On Sunday, September 19th, 1725, John Wesley, being twenty-two years old, was ordained deacon by Dr. John Potter, Bishop of Oxford, in Christ Church Cathedral.
Of the letters received from home by him during the struggle to raise money for his Ordination fees, the above are but extracts. Let us go back to the month of May, and to Kelstein.
“Patty dear,” asked Hetty one morning, “have you heard lately of John Romley?”
She was sitting up in bed with a letter in her hand. It had come yesterday; and Patty, brushing her hair before the glass, guessed from whom. She did not answer.
“He is at Lincoln; he has gone to try for the precentorship of the cathedral,” Hetty announced.
“You know perfectly well that we do not correspond. I have too much principle.”
“I know, dear,” sighed Hetty, with her eyes fixed meditatively upon her sister’s somewhat angular back. “I hope he is none the worse for it: for I have my reasons for wishing to think of him as a good man.” Patty paused with brush in air, her eyes on Hetty’s image in the glass; but Hetty went on inconsequently: “But surely you get word of him, now and then, in those letters from home which you hide from me? Patty, I am a stronger woman than you: and you may think yourself lucky I haven’t put you through the door before this, laid violent hands on the whole budget, and read them through at my leisure. You invite it, too, by locking them up; which against a determined person would avail nothing and is therefore merely an insult, my dear.”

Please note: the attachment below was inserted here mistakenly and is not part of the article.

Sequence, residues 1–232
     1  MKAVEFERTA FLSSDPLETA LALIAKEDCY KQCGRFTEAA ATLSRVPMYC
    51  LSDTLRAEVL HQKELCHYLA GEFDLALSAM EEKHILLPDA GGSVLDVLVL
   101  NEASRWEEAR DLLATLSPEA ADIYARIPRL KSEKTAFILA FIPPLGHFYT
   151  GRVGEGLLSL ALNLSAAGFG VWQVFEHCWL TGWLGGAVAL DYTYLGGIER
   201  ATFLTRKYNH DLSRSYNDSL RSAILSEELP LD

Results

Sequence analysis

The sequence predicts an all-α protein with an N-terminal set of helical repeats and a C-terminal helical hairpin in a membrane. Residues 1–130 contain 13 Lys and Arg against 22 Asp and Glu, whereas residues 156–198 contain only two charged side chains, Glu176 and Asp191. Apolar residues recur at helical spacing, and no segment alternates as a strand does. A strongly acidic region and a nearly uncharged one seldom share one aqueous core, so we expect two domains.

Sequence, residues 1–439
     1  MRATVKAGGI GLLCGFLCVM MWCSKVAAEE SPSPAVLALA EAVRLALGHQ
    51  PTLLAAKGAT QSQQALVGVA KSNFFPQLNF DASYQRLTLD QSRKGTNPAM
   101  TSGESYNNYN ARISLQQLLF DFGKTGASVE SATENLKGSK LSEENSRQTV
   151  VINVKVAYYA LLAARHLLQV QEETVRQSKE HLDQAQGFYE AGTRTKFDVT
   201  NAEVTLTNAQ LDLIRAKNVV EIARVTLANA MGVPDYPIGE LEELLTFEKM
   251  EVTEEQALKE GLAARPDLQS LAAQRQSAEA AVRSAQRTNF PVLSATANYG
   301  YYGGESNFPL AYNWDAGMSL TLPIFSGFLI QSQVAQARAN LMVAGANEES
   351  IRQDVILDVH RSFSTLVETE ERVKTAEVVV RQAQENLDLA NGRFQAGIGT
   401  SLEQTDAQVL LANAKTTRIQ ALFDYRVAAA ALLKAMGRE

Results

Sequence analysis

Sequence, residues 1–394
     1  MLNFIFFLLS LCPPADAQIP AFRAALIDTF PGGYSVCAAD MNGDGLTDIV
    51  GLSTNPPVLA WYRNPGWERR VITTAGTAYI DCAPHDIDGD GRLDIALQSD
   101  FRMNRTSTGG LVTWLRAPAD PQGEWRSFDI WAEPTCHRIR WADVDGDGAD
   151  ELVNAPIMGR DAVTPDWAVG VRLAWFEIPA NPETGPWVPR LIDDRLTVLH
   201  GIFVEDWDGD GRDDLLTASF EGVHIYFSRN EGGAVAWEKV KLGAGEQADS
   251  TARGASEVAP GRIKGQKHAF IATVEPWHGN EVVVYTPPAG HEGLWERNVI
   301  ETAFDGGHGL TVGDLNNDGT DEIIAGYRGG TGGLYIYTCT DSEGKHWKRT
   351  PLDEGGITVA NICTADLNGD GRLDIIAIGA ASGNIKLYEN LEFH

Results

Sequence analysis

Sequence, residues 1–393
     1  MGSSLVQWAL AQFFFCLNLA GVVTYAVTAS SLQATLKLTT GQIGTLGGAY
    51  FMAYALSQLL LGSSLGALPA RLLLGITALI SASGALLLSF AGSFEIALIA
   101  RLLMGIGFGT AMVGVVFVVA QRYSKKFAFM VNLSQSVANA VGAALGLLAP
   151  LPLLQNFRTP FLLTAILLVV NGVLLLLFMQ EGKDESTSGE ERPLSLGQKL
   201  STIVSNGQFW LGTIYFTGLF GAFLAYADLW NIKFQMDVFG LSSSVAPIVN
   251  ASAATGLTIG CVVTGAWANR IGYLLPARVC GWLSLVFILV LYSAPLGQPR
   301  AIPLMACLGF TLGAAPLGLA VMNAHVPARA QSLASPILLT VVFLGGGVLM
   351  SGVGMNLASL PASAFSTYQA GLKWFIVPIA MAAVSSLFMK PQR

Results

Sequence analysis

“You know perfectly well why I do not show you my letters. They are all crying out for news of you—mother, and Emmy and Molly: even poor honest Nan breaks off writing about John Lambert and when the wedding is to be and what she is to wear, and begs to hear if there be anything wrong. And all I can answer is, that you are well, with a line or two about the children. They must think me a fool, and it has kept me miserable ever since I came. But more I will not say. At least—” She seemed about to correct herself, but came to an abrupt halt and began brushing vigorously. Hetty could not see the flush on her sallow face.
“Dear old Molly!” Hetty murmured the name of her favourite sister. “But I could not write without telling her and loading her poor conscience.”
“Much you think of conscience, with a letter from him in your hand at this minute!”
“But I do think of conscience. And the best proof of it is, I am going home.”
“Going home!” Patty faced about now, and with a scared face.
“Yes.” Hetty put her feet out of bed and sat for a moment on the edge of it. “Mrs. Grantham paid me my wages yesterday, and now I have three pounds in my pocket. I am going home—to tell them.”
“You mean to tell them!”